I. Review of the Report and Recommendation
Federal Rule of Civil Procedure 72(b) and 28 U.S.C. § 636(b)(1) set forth a district judge's duties in connection with a magistrate judge's report and recommendation. The district judge must "make a de novo determination of those portions of the report to which objection is made, " and "may accept, reject, or modify, in whole or in part, the finding or recommendations made by the magistrate judge." 28 U.S.C. § 636(b)(1)(C); see also United States v. Remsing, 874 F.2d 614, 617 (9th Cir. 1989). However, in the absence of timely objection(s), the court "need only satisfy itself that there is no clear error on the face of the record in order to accept the recommendation." Fed.R.Civ.P. 72(b), Advisory Committee Notes (1983); see also United States v. Reyna-Tapia, 328 F.3d 1114, 1121 (9th Cir. 2003).
II. Scope of Review for Federal Habeas Corpus Claims
A petitioner in state custody pursuant to the judgment of a state court may challenge his detention only on the grounds that his custody is in violation of the United States Constitution or the laws of the United States. 28 U.S.C. § 2254(a). The Anti-Terrorism and Effective Death Penalty Act ("AEDPA"), Pub. L. No. 104-132, 110 Stat. 1214 (codified as amended 28 U.S.C. § 2254(d)), applies to § 2254 habeas corpus petitions filed after 1996. See Lindh v. Murphy, 521 U.S. 320, 336, 117 S.Ct. 2059, 138 L.Ed.2d 481 (1997). Pursuant to the AEDPA, when a petitioner does not challenge a state court's determination of the evidence, a § 2254 habeas corpus petition must not be granted with respect to any claim adjudicated on the merits by a state court, unless the adjudication resulted in a decision that "was contrary to, or involved an unreasonable application of, clearly established federal law, as determined by the United States Supreme Court, " or "was based on an unreasonable determination of the facts in light of the evidence presented in the state court proceeding." 28 U.S.C. § 2254(d). However, a district court must have jurisdiction over the matter before it can adjudicate the merits of the habeas petition. See 28 U.S.C. § 2241(c)(3); Mayeng v. Cook, 490 U.S. 488, 490 (1989).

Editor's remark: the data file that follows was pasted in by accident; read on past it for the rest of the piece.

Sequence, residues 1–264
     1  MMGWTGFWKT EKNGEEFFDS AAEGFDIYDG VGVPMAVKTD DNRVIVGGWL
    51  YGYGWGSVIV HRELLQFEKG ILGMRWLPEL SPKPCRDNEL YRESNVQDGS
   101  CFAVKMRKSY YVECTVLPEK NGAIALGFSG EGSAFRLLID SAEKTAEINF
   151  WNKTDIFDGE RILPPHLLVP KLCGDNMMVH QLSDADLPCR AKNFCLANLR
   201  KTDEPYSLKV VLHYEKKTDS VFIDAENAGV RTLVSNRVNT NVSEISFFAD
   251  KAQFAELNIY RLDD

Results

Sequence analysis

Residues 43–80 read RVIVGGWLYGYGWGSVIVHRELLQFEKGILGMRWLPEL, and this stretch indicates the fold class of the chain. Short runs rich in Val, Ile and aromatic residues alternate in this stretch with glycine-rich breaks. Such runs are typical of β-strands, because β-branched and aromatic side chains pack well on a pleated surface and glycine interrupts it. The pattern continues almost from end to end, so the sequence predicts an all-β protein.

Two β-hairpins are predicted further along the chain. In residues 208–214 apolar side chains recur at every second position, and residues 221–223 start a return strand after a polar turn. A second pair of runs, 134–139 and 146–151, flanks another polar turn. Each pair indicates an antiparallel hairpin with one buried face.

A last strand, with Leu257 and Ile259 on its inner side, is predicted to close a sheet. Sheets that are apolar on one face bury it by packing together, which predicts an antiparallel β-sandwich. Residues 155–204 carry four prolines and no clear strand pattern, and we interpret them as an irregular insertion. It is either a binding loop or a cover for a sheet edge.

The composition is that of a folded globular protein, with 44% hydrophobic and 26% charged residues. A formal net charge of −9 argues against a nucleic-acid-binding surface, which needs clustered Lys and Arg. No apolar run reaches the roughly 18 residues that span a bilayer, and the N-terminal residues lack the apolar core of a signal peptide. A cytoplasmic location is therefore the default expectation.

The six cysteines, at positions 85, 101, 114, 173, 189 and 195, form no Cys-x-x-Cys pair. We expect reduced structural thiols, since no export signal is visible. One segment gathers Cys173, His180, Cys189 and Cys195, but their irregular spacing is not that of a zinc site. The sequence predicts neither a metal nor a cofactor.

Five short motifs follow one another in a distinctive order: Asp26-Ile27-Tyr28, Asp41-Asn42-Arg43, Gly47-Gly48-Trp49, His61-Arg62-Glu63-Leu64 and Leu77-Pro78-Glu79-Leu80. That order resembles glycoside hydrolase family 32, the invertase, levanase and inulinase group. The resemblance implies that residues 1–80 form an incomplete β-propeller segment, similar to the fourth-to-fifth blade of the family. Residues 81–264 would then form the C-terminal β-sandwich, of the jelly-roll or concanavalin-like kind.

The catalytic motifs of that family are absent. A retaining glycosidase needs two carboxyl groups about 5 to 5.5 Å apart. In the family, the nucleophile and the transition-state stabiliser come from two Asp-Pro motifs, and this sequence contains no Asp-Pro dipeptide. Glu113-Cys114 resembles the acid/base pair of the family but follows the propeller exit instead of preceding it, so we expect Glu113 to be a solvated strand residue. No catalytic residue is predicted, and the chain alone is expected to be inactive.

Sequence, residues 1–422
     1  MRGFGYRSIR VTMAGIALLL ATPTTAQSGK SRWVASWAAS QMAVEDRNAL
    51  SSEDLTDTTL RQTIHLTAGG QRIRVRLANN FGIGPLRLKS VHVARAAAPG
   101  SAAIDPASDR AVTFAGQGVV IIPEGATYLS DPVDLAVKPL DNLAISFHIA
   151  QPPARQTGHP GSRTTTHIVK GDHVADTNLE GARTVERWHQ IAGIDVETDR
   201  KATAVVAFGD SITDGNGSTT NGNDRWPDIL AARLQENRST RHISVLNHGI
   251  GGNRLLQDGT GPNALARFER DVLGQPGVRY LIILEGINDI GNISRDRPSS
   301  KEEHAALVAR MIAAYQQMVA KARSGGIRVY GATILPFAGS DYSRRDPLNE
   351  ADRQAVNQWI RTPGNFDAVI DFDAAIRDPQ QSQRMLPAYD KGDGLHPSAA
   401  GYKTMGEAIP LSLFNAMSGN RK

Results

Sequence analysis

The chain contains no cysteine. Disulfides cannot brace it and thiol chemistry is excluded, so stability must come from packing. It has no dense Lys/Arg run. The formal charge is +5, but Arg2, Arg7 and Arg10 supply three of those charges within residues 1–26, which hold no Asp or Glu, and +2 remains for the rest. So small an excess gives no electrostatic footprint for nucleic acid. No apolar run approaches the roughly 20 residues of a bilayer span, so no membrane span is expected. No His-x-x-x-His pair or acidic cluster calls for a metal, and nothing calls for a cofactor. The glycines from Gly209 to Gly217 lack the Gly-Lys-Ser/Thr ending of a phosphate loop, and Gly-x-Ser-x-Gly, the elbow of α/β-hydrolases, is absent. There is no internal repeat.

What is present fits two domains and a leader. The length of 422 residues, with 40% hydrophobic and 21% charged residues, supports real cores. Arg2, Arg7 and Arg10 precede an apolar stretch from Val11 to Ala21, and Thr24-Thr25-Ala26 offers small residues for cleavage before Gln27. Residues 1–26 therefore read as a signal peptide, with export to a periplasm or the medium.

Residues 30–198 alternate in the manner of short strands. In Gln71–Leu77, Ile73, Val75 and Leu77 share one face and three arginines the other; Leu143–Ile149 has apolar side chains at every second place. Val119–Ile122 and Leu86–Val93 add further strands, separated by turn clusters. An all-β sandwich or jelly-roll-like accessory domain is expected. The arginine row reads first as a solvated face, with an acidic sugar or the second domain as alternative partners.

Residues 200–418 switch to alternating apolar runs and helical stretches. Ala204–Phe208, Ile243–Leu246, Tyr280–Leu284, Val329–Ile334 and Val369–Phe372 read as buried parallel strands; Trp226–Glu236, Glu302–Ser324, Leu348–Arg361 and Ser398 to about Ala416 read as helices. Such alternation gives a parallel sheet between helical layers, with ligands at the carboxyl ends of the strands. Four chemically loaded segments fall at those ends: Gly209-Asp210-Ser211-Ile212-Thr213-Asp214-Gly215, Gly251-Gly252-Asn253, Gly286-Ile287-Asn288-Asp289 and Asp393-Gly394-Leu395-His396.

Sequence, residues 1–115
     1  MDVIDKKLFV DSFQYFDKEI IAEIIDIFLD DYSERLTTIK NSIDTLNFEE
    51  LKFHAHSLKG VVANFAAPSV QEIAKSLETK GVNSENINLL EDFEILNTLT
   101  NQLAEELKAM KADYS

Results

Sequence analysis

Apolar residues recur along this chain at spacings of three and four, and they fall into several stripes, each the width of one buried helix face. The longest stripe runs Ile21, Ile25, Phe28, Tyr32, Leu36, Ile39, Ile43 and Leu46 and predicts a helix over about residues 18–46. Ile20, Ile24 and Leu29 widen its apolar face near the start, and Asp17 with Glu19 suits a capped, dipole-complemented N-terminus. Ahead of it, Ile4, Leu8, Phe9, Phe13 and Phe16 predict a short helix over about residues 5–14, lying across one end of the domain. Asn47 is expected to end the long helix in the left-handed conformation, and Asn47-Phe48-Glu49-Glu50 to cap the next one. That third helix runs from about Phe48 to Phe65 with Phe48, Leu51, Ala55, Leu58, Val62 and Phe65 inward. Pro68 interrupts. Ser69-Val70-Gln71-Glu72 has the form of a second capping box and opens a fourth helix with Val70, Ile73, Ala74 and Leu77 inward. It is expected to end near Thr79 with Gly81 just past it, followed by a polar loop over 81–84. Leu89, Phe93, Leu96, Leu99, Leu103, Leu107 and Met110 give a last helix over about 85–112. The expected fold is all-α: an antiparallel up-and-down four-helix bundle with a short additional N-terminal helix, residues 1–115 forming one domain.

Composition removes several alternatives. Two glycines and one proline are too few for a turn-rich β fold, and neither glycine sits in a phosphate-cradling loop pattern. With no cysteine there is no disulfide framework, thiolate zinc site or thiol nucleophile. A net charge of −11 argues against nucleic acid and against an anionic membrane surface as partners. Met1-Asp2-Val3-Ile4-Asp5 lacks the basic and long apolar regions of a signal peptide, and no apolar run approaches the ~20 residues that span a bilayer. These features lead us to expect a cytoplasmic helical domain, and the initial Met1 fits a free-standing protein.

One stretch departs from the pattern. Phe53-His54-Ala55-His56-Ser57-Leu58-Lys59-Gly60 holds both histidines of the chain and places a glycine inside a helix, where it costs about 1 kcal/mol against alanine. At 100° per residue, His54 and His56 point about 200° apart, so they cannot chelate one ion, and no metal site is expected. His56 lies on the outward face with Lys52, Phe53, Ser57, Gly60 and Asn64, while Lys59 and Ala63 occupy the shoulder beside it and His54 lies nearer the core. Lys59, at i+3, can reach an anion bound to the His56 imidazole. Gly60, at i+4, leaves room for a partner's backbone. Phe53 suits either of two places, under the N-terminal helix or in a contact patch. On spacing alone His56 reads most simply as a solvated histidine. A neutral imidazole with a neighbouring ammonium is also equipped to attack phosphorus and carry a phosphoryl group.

The R&R recommended that the Court dismiss the Amended Petition and deny Petitioner's motion to add respondents because the Court lacks subject matter jurisdiction to adjudicate the merits of the Amended Petition. Specifically, the R&R stated that because Petitioner completed his state court sentence when he was discharged from parole on April 20, 2012, he was therefore was not "in custody" pursuant to a "state court conviction" when he filed his original petition on January 28, 2013, or the Amended Petition on March 27, 2013. Petitioner does not contest that he completed his state court sentence on April 10, 2012, or that he filed his original petition several months later, but instead, objects to the R&R on the basis that he is "in custody via federal supervised release, " and would not be subject to federal supervised release "but for" the additional time imposed by the criminal history enhancement related to his prior state court conviction. For the reasons set forth below, Petitioner's objections are contrary to well established law and therefore overruled.